Monique Tamminga Black Press
A career criminal was back in court last week facing 20 charges in connection to a high profile arrest and the recovery of a large amount of stolen property taken from homes in the Fraser Valley and found at the Super 8 Motel on Glover Road on March 2, 2012. Ivan Logan Johnson, 33, is charged with everything from possessing a weapon obtained through an offence and possession of stolen property and credit cards to dealing with identity theft. He was arrested along with Dave Yaroslawsky, 29, by the Emergency Response Team and police dogs who surrounded the motel room after the two men refused to come out. Witnesses had called 911 after seeing the two men, allegedly with guns, unloading items into a motel room. Those two men are believed to be involved in up to 18
encouraged to contact Langley Client Support and Victim Services at 604-532-3214.
Shark fin bill moves forward A private member’s bill brought forward by a TriCity MP that’s aimed to stop shark fin imports waded into Parliament for second reading this week. New Westminster-Coquitlam MP Fin Donnelly, the NDP’s deputy Fisheries and Ocean critic, has been advocating for the ban for two years. His proposed bill has been supported by the cities of New Westminster, Coquitlam and Port Moody — all of which introduced municipal bylaws last year to ban shark fins from being possessed, traded, sold and distributed. Donnelly said shark overfishing has resulted in the near extinction of several species. Shark fins are commonly used in soups as a Chinese delicacy. A vote on Donnelly’s Bill C-380 is expected on March 27. firstname.lastname@example.org
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Friday, February 15, 2013 NewsLeader A9
Proposed surge in oil tankers manageable Same size vessels expected despite larger pipeline plan, says port
Jeff Nagel Black Press
Port officials say they don’t expect harbour traffic jams to arise from a major increase in the number of oil tankers loading from an expanded Trans Mountain pipeline. Kinder Morgan Canada announced in mid-January it has enough committed shippers to justify a larger pipeline expansion to a capacity of 890,000 barrels per day. That’s expected to bring up to 34 oil tankers per month,
up from about 25 previously forecast and around five per month right now. Port Metro Vancouver harbour master Yoss Leclerc said the project would, if it advances, undergo a comprehensive review of harbour transit needs. But he said it doesn’t appear the new size of the proposed pipeline – bringing up to 400 tankers a year – would tie up too many anchorages and cause a shortage of space for other cargo ships. “Usually the tankers don’t stay a long time at anchor – one to two days,” Leclerc said. “Looking at what we saw from Kinder Morgan, I don’t see any foreseeable issue in terms of anchorages or where to put them.”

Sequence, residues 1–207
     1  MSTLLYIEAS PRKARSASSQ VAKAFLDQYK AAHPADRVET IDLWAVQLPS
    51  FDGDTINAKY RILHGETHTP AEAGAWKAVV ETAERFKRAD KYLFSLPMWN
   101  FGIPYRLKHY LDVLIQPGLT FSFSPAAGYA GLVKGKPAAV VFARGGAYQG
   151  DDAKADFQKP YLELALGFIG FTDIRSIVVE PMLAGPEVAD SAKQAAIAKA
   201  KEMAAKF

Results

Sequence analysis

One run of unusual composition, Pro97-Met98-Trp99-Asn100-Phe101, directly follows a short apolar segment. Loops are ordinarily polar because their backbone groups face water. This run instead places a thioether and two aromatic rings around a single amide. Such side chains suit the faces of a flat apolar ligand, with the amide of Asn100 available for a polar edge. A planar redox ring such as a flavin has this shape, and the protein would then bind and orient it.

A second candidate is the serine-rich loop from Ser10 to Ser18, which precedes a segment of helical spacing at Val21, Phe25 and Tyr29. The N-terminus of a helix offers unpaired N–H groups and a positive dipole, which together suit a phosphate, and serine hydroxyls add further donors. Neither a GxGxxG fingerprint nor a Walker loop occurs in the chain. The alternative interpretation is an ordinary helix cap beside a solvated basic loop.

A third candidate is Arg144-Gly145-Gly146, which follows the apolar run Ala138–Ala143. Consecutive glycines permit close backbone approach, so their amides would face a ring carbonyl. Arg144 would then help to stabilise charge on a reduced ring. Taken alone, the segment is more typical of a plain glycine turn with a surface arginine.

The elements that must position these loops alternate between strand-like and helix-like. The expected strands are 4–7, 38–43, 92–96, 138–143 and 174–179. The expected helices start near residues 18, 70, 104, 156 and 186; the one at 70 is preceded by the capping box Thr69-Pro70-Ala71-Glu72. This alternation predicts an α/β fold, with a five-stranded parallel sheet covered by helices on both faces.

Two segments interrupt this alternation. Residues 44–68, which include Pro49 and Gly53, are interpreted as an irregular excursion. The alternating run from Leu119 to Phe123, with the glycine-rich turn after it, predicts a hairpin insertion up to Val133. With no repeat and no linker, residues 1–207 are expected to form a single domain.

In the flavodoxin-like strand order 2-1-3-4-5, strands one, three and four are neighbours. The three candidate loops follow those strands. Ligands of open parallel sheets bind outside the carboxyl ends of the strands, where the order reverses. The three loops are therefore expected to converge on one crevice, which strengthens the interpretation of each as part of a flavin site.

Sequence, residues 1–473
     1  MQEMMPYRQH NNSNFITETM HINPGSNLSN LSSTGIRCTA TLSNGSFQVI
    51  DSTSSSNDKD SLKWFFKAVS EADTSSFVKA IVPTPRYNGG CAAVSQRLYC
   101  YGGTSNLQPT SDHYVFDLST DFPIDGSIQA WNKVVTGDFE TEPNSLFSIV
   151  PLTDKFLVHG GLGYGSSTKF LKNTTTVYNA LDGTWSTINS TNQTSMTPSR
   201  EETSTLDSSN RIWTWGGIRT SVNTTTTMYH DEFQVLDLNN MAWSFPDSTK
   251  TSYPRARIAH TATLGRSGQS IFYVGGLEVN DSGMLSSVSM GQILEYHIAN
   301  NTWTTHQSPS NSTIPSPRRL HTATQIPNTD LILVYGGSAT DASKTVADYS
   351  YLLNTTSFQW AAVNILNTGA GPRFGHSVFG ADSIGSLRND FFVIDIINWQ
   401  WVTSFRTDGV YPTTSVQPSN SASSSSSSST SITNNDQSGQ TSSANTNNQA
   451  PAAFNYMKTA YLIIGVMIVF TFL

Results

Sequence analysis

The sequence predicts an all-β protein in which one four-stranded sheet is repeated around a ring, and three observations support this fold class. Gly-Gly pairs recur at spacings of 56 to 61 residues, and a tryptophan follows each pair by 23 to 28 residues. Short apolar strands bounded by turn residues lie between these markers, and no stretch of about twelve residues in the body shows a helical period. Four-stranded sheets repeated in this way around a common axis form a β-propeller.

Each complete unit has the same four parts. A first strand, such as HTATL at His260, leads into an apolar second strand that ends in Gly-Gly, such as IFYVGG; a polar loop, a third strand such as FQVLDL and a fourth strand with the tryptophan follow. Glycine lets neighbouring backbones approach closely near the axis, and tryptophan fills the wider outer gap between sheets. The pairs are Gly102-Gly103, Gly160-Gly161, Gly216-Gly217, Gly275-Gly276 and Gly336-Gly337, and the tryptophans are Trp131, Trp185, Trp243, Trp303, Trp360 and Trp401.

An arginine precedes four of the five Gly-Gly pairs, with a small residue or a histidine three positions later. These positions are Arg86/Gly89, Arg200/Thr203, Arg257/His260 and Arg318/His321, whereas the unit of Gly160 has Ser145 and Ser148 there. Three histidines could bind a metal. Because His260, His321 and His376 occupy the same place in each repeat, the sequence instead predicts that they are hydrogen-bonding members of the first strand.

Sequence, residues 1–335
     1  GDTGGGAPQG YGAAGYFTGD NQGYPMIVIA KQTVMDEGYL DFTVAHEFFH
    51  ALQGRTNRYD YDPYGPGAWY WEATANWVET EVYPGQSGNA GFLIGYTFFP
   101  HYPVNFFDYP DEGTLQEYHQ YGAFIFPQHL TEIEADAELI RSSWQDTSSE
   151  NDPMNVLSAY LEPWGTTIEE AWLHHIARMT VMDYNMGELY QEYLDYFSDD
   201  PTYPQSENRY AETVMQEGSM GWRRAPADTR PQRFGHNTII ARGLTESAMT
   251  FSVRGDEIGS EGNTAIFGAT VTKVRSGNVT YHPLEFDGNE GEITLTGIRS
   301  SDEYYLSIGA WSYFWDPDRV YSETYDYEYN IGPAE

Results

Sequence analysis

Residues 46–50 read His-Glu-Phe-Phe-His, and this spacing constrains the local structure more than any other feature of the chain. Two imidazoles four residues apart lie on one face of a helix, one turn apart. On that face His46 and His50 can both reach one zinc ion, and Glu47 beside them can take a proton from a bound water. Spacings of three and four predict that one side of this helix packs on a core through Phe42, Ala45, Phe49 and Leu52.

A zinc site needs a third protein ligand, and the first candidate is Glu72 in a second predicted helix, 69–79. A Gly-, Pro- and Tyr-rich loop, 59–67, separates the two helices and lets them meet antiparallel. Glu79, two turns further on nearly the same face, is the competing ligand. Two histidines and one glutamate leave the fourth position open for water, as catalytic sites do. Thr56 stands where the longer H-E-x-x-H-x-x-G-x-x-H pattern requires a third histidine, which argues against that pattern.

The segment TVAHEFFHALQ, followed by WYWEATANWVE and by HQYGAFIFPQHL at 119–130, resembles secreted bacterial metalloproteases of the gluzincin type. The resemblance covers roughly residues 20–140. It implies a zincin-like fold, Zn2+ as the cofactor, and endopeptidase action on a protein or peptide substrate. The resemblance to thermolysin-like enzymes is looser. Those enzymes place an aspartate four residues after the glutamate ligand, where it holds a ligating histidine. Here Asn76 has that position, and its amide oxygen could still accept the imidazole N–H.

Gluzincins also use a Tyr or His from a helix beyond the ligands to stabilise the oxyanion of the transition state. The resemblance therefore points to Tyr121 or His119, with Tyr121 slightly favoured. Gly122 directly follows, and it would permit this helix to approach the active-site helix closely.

Nor did he expect harbour traffic restrictions – no other vessels are permitted to move in the Second Narrows when a tanker is transiting – to be too onerous for other users of the waterway. He was responding after Burnaby NDP MP Kennedy Stewart suggested an “oil export only port” could be the end result if Kinder Morgan continues to upsize the pipeline project. “There will be a choke point in Burrard Inlet where you have so many tankers you can’t have any more traffic,” Stewart said. Stewart argues Kinder Morgan may expand the planned line further – to a million barrels per day and beyond – and at that point there will
be enormous pressure to dredge the Second Narrows to allow much larger oil tankers. The current Aframax size tankers carry up
to 650,000 barrels per day, but due to draft restrictions in the harbour they are only loaded 75 to 80 per cent full so they sit no
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Come view this spacious 2 bdrm & den home at The Point & you will not be disappointed! This quiet courtyard facing unit has a very open floor plan with over 1300 sq.ft of living space. Features include: floor to ceiling windows, stainless steel appliances, granite counters & cozy fireplace. The master bdrm has a full ensuite & super large walkin closet. Den can be used as a 3rd bedroom! Close to shopping, transit restaurants & just a short stroll to the Quay.
Better than new (no HST). Built & lived in by reputable builder in popular West End. Great attention to detail. Extensive use of drop ceilings, wainscotting, baseboards, crown moldings, granite, maple HW floors, radiant heat. High end kitchen with S/S applcs, antique white & mahogany finish cabinets, lrg granite island. Massive family room overlooking professionally landscaped private yard w/2 car detached garage. Covered patio, year round use. Up 4 bds, 3 bths, huge WI closet & ensuite in mstr. Great plan & layout of home. Fully fin’d 2 bdrm legal suite + separate entry to cellar bsmt. Excellent family home.